Stand on one foot and pull the other behind you, holding the ankle. If you need, hold onto something for balance. Pull your heel toward your buttocks, and hold for 30 seconds. Repeat on each side.
For the Win: Do kneeling quad stretches. Kneel on one knee with the opposite foot planted flat in front of you. Push your hips forward and hold for 30 seconds. Repeat for 3 sets on each side.
Put a resistance band around a stable surface, like a tree or fence, holding the band in each hand. Stand facing the band with your feet hip-width apart. Pull the band toward you, squeezing your shoulder blades. Return to your starting position. Repeat 15 times.
For the Win: Do some bodyweight rows. Instead of resistance bands, use your body weight. Find a stable horizontal surface, such as a table or bar, and lie underneath it, grasping the surface firmly with both hands. Pull yourself up then lower yourself back down. Repeat 15 times.
Put your hands and knees on the ground, and then extend your legs behind you. Support your weight on your forearms and toes. Keep your body straight from your head to your heels. Hold this position as long as you can.
For the Win: Try side planks with resistance in your arms. Support your weight on one foot and forearm. Hold a resistance band in both hands, and extend your free arm toward the sky or ceiling. Repeat 10 times on each side.
Stand with your feet shoulder-width apart. Slowly lift your heels off the ground, rising up onto the balls of your feet. Pause as you get to your tip-toe position, then lower your heels slowly back down to the ground. Repeat 20 times.
For the Win: Try single-leg heel raises. Instead of using both feet, lift one foot off the ground while putting your weight on the other foot and lifting that heel up. Repeat 20 times on each side.
Stand with your feet shoulder-width apart. Lower your hips down and back as if you are sitting down in a chair. Keep your weight on your heels. Return to a standing position. Repeat 10 times.
For the Win: Try single-leg squats. Instead of two feet down as you squat, lift one foot off the ground and extend it in front of you as you lower your hips and return to a standing position. Repeat 10 times on each side.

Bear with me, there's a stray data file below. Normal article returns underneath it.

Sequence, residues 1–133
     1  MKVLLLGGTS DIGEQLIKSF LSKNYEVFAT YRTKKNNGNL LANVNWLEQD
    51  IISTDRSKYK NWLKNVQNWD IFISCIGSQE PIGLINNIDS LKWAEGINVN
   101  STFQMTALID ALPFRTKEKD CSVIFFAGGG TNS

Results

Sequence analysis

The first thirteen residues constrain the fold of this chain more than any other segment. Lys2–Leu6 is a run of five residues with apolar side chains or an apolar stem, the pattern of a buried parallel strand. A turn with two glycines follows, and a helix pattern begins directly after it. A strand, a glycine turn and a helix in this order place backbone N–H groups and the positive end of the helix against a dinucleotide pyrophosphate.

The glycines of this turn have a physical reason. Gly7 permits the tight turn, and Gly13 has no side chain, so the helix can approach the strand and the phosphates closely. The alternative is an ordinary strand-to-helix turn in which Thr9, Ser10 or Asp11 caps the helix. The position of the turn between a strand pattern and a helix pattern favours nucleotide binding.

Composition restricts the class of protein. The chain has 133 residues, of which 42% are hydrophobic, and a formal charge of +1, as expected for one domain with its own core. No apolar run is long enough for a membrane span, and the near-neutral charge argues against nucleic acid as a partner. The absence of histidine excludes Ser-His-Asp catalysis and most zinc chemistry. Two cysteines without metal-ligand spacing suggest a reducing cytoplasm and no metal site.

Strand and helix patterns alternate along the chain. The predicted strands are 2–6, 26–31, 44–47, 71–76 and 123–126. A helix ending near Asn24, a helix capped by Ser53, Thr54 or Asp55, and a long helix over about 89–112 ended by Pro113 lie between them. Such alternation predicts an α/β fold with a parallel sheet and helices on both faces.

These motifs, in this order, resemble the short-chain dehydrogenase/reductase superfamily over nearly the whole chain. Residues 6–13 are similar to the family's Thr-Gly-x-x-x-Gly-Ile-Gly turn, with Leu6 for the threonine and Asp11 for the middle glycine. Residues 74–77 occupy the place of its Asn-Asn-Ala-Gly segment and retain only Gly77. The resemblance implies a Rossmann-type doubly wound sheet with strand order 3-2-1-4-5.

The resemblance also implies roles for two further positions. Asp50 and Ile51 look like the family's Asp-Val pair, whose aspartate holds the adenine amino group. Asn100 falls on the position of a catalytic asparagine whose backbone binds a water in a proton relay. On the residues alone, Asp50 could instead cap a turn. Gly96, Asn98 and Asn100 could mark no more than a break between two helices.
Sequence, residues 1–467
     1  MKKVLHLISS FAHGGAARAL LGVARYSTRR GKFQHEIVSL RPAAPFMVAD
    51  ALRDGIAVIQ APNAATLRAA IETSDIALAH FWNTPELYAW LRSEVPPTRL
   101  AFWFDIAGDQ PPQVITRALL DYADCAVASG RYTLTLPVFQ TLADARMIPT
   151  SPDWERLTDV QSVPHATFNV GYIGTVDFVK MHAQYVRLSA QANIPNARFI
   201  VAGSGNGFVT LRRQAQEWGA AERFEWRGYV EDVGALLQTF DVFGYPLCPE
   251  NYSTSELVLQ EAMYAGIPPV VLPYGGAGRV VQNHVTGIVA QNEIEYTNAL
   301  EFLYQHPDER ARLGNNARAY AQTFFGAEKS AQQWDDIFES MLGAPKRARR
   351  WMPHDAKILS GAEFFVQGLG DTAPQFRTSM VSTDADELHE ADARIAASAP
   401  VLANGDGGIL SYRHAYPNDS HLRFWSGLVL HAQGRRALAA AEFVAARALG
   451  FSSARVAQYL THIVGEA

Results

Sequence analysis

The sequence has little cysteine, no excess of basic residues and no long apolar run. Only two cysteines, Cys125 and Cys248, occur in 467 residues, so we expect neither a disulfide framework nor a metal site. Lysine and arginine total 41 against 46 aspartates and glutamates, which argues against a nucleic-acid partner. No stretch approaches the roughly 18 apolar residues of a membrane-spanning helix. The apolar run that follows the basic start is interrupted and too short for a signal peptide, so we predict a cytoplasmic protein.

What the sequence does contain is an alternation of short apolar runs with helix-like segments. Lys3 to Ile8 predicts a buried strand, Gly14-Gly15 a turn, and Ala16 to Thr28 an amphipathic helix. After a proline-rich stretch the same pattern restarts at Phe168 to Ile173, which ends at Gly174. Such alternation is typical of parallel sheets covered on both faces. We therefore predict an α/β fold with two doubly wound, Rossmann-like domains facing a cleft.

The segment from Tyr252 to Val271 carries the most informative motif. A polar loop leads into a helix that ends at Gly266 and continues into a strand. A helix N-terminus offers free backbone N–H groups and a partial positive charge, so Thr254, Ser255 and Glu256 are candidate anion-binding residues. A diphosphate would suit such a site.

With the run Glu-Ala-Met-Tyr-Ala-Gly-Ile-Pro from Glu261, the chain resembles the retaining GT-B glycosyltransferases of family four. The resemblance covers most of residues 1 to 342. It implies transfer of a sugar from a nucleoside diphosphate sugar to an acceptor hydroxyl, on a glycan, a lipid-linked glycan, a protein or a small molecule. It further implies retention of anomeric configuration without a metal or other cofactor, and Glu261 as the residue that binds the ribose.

Stand with feet hip-width apart. Take a big step forward with one foot. Lower your hips down until your front knee is bent at a 90-degree angle. Keep your weight on your front heel. Push off your front foot to return to a standing position. Repeat 10 times on each side.
For the Win: Do backward and side lunges. For backward lunges, take a big step backward, lower, and push off your back foot to return to standing. For side lunges, take a step out to the side, lower yourself on that side, and push back up from that foot to return to standing.
When to Be Seen
Training or playing pickleball—or any sport—can be detrimental when you’re in pain. Playing while injured can make the condition worse, potentially keeping you off the court indefinitely. You should see an orthopedic specialist right away to avoid a serious injury.
Our specialists understand that the most effective injury treatment plan requires a precise diagnosis from an experienced doctor. Request an appointment online or call (314) 569-0616 to consult with one of our specialty-trained sports medicine doctors if you experience:
- A popping sound or sensation in your arm, wrist, hip, shoulder, back, or knee after falling on the court
- An inability to put weight on your foot, ankle, knee, or leg
- Muscle or joint pain that is not relieved after resting and icing
- Pain in your hand, wrist, or forearm when holding your pickleball paddle
- Shoulder, back, neck, or arm pain when swinging your pickleball paddle
- Sudden and persistent pain in a specific area in your back, arms, or legs after playing, especially if it is tender and/or warm to the touch
Common pickleball injuries include:
- Strains in the back and hamstrings
- Golfer’s and tennis elbow
- Herniated or slipped discs
- Knee cartilage, rotator cuff, and tendon injuries
- Plantar fasciitis
- Sprains in the wrist and ankle
Being involved in sports is rewarding, but sometimes, your injuries can get in the way of staying active. Get prompt attention for your sports injury at our Injury Access Clinic, available at our Main Office in St. Louis.
1050 Old Des Peres Road
St. Louis, MO 63131
Monday – Thursday
8:00 a.m. – 4:30 p.m.
8:00 a.m. – 4:00 p.m.